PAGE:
Abstract: OBJECTIVE: To examine the potential effect of daidzein on CYP1A2 activity and on the pharmacokinetics of theophylline by inhibiting its metabolism. METHODS: The experiment was conducted in a single-blind, placebo-controlled, parallel study. The caffeine metabolic ratio (CMR) used as an indicator of CYP1A2 function was completed at baseline and after daidzein or placebo co-administration. A single dose of 100 mg theophylline was taken by all 20 volunteers on day 3. Thereafter, volunteers were allocated for one of two regimens. One group received 200 mg daidzein twice daily for 10 days. The other group received placebo. On day 12, the test group received 200 mg daidzein with 100 mg theophylline; the parallel group received 100 mg theophylline with placebo. RESULTS: The baseline value of CMR between test group and control group did not show a difference (P=0.215). The percentage decrease in CMR ranged from -50% to 20%, with an average value of -19.8+/-19.7%. The percentage decrease in test group was statistically significant (P=0.009), and no significant changes were shown in the control group (t=0.12, P=0.914). By comparing the pharmacokinetic parameters of theophylline before and after daily treatment with daidzein, the effect of daidzein on the metabolism of theophylline was evident. Comparing the kinetics parameters of theophylline of day 1 (without co-medication) with those of day 12 (10-day daidzein), the AUC(0-48), AUC(0- infinity ), C(max) and t(1/2) were significantly increased by 33.57+/-21.75% (CI, 1.21-1.46, P< 0.05), 33.77+/-21.45% (CI, 1.20-1.46, P<0.05), 23.54+/-16.93% (CI, 1.23-1.52, P< 0.05) and 41.39+/-45.92% (t=-3.19, P=0.011), respectively. The pharmacokinetic parameters of theophylline within the placebo group showed no statistically significant difference (P >0.05). CONCLUSIONS: Daidzein, a principal isoflavone in soybean, in higher doses may inhibit CYP1A2 activity in vivo, and physicians should be aware of potential drug-food interactions.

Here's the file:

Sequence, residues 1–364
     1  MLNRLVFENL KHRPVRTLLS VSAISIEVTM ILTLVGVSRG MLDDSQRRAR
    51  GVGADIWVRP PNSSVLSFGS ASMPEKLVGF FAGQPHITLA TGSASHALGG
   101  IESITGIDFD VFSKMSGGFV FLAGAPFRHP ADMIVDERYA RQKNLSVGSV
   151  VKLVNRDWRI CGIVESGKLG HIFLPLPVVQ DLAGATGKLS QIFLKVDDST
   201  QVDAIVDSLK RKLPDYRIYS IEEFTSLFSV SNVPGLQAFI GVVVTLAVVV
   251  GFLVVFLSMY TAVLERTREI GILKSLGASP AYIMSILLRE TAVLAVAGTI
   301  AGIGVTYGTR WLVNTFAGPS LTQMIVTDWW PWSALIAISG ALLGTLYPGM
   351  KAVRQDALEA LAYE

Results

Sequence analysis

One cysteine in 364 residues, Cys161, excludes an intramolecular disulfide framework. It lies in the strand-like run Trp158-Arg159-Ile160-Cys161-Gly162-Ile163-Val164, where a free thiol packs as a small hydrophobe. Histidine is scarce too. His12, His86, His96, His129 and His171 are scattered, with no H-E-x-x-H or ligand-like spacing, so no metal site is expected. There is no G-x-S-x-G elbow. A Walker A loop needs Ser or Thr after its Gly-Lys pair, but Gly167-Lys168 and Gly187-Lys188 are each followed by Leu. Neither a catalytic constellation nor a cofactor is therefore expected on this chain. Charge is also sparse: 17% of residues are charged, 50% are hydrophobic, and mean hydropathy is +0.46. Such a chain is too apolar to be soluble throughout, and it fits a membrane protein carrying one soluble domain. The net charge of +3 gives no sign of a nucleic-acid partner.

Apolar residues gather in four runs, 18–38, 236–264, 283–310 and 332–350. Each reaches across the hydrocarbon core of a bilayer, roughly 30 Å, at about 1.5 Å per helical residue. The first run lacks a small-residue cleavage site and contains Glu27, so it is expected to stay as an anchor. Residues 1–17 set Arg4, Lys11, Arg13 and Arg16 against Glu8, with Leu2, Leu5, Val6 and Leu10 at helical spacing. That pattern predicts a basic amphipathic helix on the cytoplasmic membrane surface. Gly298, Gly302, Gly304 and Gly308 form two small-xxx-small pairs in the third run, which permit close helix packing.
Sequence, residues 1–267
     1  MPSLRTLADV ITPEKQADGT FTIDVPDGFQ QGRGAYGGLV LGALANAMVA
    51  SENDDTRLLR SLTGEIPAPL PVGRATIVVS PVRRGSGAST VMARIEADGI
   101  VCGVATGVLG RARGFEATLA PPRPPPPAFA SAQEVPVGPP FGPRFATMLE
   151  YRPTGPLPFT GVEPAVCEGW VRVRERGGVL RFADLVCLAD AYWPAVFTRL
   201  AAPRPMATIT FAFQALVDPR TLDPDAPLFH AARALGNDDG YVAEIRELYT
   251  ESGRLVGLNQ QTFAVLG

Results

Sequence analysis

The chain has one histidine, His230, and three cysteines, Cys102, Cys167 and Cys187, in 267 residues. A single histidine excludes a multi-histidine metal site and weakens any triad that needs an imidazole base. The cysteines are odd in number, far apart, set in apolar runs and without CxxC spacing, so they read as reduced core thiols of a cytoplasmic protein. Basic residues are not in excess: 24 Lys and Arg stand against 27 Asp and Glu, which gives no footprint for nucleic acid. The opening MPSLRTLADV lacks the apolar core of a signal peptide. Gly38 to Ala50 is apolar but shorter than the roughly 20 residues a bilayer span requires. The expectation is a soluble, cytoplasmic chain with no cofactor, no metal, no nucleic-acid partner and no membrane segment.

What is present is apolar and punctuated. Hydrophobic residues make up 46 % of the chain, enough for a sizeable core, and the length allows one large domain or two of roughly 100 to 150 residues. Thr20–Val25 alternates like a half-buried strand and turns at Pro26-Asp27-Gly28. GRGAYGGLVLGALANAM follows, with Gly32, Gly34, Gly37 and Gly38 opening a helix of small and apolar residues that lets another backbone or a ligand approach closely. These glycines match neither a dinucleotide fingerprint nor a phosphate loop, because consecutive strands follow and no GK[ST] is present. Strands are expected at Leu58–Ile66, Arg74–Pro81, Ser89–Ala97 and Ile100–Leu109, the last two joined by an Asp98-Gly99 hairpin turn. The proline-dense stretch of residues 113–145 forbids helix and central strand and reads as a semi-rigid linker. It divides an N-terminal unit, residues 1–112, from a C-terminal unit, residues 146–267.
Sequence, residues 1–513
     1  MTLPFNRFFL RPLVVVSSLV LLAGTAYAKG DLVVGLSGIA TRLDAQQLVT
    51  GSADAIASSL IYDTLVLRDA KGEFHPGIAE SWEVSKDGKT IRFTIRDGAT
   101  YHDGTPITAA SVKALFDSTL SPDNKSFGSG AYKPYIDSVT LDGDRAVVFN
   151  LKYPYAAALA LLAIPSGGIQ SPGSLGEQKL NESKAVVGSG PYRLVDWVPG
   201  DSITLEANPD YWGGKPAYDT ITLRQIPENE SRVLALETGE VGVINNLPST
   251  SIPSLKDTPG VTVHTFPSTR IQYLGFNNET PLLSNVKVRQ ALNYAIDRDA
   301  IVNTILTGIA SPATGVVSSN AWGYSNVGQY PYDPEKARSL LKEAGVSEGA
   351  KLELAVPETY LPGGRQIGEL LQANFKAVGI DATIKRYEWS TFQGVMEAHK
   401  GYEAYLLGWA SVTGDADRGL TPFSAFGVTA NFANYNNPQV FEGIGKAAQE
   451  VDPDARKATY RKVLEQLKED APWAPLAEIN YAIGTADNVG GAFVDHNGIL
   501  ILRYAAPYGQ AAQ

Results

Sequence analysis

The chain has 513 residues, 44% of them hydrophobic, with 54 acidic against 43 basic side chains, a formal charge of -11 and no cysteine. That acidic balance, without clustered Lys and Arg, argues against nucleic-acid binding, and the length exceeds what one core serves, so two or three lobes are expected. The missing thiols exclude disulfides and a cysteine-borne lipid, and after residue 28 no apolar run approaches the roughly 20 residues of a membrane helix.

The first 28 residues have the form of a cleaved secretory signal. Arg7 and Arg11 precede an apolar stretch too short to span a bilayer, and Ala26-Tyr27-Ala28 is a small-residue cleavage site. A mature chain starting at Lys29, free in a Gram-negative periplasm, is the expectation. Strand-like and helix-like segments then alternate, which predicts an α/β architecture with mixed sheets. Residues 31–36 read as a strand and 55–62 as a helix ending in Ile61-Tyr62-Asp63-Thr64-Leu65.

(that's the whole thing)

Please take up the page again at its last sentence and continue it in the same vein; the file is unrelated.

Abstract: Children's risks can differ from those in adults for numerous reasons, one being differences in the pharmacokinetic handling of chemicals. Immature metabolism and a variety of other factors in neonates can affect chemical disposition and clearance. These factors can be incorporated into physiologically based pharmacokinetic (PBPK) models that simulate the fate of environmental toxicants in both children and adults. PBPK models are most informative when supported by empirical data, but typically pediatric pharmacokinetic data for toxicants are not available. In contrast, pharmacokinetic data in children are readily available for therapeutic drugs. The current analysis utilizes data for caffeine and theophylline, closely related xanthines that are both cytochrome P-450 (CYP) 1A2 substrates, in developing PBPK models for neonates and adults. Model development involved scale-up of in vitro metabolic parameters to whole liver and adjusting metabolic function for the ontological pattern of CYP1A2 and other CYPs. Model runs were able to simulate the large differences in half-life and clearance between neonates and adults. Further, the models were able to reproduce the faster metabolic clearance of theophylline relative to caffeine in neonates. This differential between xanthines was found to be due primarily to an extra metabolic pathway available to theophylline, back-methylation to caffeine, that is not available to caffeine itself. This pathway is not observed in adults exemplifying the importance of secondary or novel routes of metabolism in the immature liver. Greater CYP2E1 metabolism of theophylline relative to caffeine in neonates also occurs. Neonatal PBPK models developed for these drugs may be adapted to other CYP1A2 substrates (e.g., arylamine toxicants). A stepwise approach for modeling environmental toxicants in children is proposed.